Home » General » President Witnesses Historic Canonisation

The Roman Catholic Church yesterday canonised the late popes John XXIII and John Paul II as saints of the world’s largest Christian congregation in front of an estimated 800 000-g gathering in and around St Peter’s Square here, with President Mugabe joining 23 other leaders at the historic ceremony.

Pope Francis oversaw the canonisation, which was the first time in the church’s history that two popes were elevated to sainthood on the same day.

It was also the first time that two popes, Pope Francis and Pope Emeritus Benedict XVI, were present at the same canonisation.

With President Mugabe were First Lady Amai Grace Mugabe, Finance and Economic Development Minister Patrick Chinamasa, and other officials.

At the canonisation mass in front of the imposing dome of St Peter’s Basilica, President Mugabe and Pope Francis met and shared a few words. President Mugabe also attended Pope Francis’ inauguration at Vatican City last year.

The ceremony was broadcast live across the world and watched by a reported two billion people.

Traditionally, the church first verifies two miracles attributable to a person and takes into regard life-long commitment to cardinal and Biblical virtues before one can be canonised, and this is normally done at least five years after death.

However, John Paul II was put on the fast-track to sainthood by his successor, Pope Benedict XVI, when he was beatified in 2011 and was canonised yesterday. He is also credited with healing two women who had Parkinson’s disease and a brain aneurysm, respectively.

For John XXIII, Pope Francis waived the miracles requirement and canonised him in recognition of his reforms of the church through the Second Ecumenical Vatican Council.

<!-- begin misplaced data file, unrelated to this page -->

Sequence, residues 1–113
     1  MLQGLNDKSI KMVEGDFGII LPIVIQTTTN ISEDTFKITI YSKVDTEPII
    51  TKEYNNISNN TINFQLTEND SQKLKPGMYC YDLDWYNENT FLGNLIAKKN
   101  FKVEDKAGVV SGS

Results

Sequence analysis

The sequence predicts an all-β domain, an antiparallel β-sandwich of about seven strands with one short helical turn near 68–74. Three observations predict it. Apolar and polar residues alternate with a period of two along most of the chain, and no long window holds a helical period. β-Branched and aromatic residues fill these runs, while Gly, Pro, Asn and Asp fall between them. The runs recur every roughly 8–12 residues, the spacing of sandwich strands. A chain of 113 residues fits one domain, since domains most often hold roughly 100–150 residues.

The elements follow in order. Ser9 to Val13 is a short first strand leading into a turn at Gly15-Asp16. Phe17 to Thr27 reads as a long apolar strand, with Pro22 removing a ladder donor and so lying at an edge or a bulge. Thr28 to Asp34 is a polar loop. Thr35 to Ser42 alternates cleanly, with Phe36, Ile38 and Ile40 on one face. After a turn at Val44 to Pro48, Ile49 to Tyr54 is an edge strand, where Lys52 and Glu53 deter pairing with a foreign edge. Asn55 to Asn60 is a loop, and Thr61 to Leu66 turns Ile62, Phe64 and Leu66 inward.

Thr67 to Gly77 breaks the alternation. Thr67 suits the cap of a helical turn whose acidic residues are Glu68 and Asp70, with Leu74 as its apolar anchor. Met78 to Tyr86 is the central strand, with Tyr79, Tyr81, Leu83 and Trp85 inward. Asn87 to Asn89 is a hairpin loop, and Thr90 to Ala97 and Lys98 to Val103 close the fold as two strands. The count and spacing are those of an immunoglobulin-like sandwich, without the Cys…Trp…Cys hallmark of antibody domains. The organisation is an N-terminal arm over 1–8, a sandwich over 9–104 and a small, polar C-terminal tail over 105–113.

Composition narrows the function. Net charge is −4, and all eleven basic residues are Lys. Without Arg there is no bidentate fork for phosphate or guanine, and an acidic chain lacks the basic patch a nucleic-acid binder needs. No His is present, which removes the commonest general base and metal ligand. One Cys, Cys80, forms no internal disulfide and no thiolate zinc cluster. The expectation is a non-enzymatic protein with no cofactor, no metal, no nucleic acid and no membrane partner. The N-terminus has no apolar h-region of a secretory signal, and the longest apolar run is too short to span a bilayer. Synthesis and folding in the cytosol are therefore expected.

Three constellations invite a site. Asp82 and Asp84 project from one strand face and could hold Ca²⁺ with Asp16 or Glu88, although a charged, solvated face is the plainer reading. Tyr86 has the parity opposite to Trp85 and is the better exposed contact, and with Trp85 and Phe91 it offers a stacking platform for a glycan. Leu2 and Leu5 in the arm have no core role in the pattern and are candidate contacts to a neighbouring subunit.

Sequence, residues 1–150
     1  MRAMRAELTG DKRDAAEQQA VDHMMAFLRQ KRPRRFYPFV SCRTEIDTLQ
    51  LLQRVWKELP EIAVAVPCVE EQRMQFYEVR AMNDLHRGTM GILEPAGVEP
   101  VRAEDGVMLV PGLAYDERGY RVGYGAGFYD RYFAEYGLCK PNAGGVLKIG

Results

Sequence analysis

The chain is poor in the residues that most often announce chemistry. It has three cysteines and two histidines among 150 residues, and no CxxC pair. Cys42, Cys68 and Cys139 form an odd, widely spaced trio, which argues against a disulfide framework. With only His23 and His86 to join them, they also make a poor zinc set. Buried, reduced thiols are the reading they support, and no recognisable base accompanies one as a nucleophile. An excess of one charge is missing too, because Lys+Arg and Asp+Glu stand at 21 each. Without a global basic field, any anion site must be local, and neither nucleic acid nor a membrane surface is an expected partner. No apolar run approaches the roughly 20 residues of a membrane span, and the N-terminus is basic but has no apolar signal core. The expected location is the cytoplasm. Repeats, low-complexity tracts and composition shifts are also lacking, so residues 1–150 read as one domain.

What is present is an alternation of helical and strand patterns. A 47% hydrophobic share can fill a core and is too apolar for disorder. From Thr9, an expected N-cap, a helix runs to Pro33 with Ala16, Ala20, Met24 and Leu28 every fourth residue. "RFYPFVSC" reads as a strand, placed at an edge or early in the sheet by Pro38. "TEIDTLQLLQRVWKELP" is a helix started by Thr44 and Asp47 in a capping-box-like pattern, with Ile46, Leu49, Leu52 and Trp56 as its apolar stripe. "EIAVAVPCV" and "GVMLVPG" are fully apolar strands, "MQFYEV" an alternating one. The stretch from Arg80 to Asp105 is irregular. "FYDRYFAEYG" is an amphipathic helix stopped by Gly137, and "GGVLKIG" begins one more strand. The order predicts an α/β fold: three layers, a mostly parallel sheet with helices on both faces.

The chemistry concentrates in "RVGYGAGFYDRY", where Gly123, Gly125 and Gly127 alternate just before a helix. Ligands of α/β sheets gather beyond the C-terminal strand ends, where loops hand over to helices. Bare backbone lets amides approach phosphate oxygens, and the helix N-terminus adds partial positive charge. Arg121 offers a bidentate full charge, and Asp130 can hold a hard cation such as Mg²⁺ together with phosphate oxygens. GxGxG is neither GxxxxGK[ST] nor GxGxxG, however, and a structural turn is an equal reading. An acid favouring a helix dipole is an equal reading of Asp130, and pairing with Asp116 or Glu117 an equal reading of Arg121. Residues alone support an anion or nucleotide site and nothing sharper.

Pope Francis said saints gave direction and brought growth to the church.

“In convening the (Second Vatican) Council, John XXIII showed an exquisite openness to the Holy Spirit. He let himself be led and he was for the church’s pastor, a servant-leader. This was his great service to the church, he was the pope of openness to the Spirit.

“In his own service to the people of God, John Paul II was the pope of the family. He himself once said that he wanted to be remembered as the pope of the family.

“I am particularly happy to point this out as we are in the process of journeying with families towards the Synod on the family. It is surely a journey which from his place in heaven, he guides and sustains.

“May these two new saints and shepherds of God’s people intercede for the church, so that during this two-year journey towards the synod she may be open to the Holy Spirit in pastoral service to the family.

“May both of them teach us not to be scandalised by the wounds of Christ and to enter even more deeply into the mystery of divine mercy, which always hopes and always forgives, because it always loves.” Speaking in Latin, he added: “We declare and define as saints the blessed John XXIII and John Paul II.”

While hundreds of thousands packed St Peters Square, even more filled the avenues leading to St Peter’s Basilica and were favoured with greetings from Pope Francis when — after the mass and canonisation — went around in the “Pope Mobile”.

Mr Tinashe Wunganayi, who is at a seminary in Rome to train as a Catholic priest, said: “When there are such events, to show that we are from Zimbabwe we go with our flag. We are very proud to be Zimbabweans and our President is known the world-over, he is famous.”

Afterwards, President Mugabe held a closed-door meeting with representatives of the Community of Sant’Egidio, which played a key role in brokering the 1992 Rome Accord that led to an end to the Mozambique civil war between the Frelimo government and Renamo rebels.

It could not be established what was discussed in the meeting, but indications at the time of writing were that the issue of renewed attacks on the Frelimo government and civilians by Renamo fighters, led by Afonso Dhlakama.

The Community of Sant’Egidio is officially recognised by the Catholic Church as a “public lay association” and has 50 00 members in more than 70 countries.

They also have peace initiatives in Algeria, the Balkans and the DRC among other countries.

Source : The Herald